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Vietnamese Evangelicals and Pentecostalism

The Politics of Divine Intervention

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Vince Le

This book offers an analysis of the historical, theological, and social conditions that give rise to the growth of pentecostalism among contemporary Vietnamese evangelicals. Emerging from the analysis is an understanding of how underprivileged evangelicals have utilized the pentecostal emphasis on divine intervention in their pursuit of the betterment of life amid religious and ethnic marginalization. Within the context of the global growth of pentecostalism, Vietnamese Evangelicals and Pentecostalism shows how people at the grassroots marry the deeply local-based meaning dictated by the particularity of living context and the profoundly universal truth claims made by a religion aspiring to reach all four corners of the earth to enhance life.
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John A. Williams

The author has previously argued that in recent times the mainstream churches in the uk have tended to co-opt elements of a postmodern analysis of contemporary culture in support of a mission strategy focused on presentational innovations and limited structural adjustments, without allowing the implications radically to challenge ecclesiological or theological foundations. This article conducts an experiment in pursuing the logic of a postmodern discourse about the Church to bring its more radical implications into view: it begins to sketch out an alternative view of church as an 'ecclesianarchy', the distinctive purpose of which is to become a socio-cultural site for the symbolisation and enactment of the impossible. The proposal is explored with reference to examples of contemporary innovations in ecclesial praxis, and attention is drawn to critical questions such churches will need to attend to in the interests of furthering their evolution in a time of instability and change.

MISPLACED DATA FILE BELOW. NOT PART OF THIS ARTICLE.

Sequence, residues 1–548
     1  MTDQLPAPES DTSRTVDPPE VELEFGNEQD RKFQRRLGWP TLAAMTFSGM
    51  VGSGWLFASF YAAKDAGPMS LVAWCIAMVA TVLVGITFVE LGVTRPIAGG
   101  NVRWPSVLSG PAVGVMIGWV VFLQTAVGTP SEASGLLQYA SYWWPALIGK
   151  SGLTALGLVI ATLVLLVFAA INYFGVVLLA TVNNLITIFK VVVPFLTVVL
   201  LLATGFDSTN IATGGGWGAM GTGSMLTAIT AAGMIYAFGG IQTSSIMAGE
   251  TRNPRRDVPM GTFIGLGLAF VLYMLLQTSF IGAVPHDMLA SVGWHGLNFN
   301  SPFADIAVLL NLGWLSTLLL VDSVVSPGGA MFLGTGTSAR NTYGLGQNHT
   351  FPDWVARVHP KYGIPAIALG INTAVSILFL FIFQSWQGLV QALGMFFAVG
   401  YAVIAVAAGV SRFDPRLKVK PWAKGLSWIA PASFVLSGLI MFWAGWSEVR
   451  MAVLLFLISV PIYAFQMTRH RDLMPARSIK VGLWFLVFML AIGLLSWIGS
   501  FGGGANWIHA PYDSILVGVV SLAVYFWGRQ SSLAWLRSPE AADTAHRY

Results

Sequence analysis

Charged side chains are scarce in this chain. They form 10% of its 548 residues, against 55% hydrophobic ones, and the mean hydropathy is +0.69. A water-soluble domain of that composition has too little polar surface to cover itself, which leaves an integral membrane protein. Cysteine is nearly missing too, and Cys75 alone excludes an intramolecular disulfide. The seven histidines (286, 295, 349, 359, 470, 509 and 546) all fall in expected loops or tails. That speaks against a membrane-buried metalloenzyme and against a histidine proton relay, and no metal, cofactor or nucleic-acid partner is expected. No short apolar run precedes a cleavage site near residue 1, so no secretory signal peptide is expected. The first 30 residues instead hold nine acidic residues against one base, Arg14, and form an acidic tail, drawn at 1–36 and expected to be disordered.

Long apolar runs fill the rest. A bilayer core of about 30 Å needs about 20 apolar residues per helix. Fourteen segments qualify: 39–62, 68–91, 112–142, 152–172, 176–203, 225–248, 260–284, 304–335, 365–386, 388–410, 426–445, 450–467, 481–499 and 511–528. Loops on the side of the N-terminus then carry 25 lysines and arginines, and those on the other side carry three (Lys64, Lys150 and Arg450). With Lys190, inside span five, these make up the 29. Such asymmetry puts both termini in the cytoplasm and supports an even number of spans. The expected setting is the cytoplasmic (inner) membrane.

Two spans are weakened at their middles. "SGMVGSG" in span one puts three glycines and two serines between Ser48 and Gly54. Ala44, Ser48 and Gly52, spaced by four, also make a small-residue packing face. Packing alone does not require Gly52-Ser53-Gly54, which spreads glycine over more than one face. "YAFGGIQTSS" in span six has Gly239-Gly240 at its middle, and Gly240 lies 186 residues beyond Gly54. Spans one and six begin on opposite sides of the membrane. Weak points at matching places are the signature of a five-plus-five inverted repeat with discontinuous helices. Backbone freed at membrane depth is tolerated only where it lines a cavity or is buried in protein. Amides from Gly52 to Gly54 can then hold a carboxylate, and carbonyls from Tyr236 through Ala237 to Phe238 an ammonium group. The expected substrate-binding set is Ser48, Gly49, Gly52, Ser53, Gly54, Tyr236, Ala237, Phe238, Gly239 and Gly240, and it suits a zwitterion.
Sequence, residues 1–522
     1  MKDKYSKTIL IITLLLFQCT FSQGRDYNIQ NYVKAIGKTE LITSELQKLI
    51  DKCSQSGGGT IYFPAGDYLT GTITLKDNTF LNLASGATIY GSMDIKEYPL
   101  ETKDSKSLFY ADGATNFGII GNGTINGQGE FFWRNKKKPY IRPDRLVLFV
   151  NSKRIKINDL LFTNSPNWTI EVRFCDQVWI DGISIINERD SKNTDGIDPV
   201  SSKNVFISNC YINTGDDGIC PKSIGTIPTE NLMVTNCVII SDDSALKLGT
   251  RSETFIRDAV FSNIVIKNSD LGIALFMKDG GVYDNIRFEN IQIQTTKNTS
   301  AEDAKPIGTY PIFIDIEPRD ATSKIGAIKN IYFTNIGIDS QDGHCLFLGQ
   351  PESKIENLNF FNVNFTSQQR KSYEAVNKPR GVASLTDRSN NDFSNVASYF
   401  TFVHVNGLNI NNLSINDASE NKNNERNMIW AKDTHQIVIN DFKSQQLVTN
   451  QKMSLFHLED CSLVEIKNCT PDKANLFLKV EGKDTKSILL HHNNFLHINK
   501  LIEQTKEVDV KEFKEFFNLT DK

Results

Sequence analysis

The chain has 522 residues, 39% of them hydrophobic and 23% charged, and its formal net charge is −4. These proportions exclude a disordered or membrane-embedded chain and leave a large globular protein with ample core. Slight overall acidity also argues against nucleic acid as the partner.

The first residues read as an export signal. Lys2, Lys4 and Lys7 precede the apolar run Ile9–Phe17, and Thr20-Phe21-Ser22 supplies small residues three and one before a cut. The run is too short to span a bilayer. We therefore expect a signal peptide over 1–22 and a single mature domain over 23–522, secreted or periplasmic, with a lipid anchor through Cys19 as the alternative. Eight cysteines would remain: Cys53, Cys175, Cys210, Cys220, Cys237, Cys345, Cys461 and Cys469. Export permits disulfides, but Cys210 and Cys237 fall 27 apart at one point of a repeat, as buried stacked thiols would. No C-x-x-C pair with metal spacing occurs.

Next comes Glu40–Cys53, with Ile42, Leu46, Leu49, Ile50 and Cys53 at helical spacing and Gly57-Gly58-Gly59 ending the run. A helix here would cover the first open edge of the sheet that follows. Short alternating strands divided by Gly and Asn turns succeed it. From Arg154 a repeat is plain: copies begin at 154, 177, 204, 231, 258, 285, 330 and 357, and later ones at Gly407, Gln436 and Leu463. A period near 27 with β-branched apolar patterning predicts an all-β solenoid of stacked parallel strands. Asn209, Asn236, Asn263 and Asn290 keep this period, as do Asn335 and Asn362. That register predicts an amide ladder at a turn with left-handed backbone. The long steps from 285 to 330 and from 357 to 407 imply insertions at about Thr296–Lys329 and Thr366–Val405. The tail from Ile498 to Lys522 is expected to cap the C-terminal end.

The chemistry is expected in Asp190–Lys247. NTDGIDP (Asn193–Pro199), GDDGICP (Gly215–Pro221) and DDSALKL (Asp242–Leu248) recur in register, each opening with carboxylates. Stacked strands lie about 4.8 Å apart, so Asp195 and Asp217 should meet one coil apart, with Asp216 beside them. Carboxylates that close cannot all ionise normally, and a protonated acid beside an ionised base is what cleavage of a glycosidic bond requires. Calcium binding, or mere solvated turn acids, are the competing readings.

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Henk de Roest and Simon Hill

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Samuel Tranter and David Bartram Torrance

This article begins by introducing recent work by Michael Banner, who advocates the use of social anthropology generally (not just the anthropology of Christianity) for the Christian ethics of everyday life. His use of ethnography in Christian theological ethics is then situated in relation to recent discussions in ecclesiology and ethnography. Situated thus, Banner’s work forms the springboard for a brief discussion of what is at stake for theological ethics in turning to ethnographic research. While some dangers are highlighted, a way forward is offered for the fruitful use of ethnographic research in this field.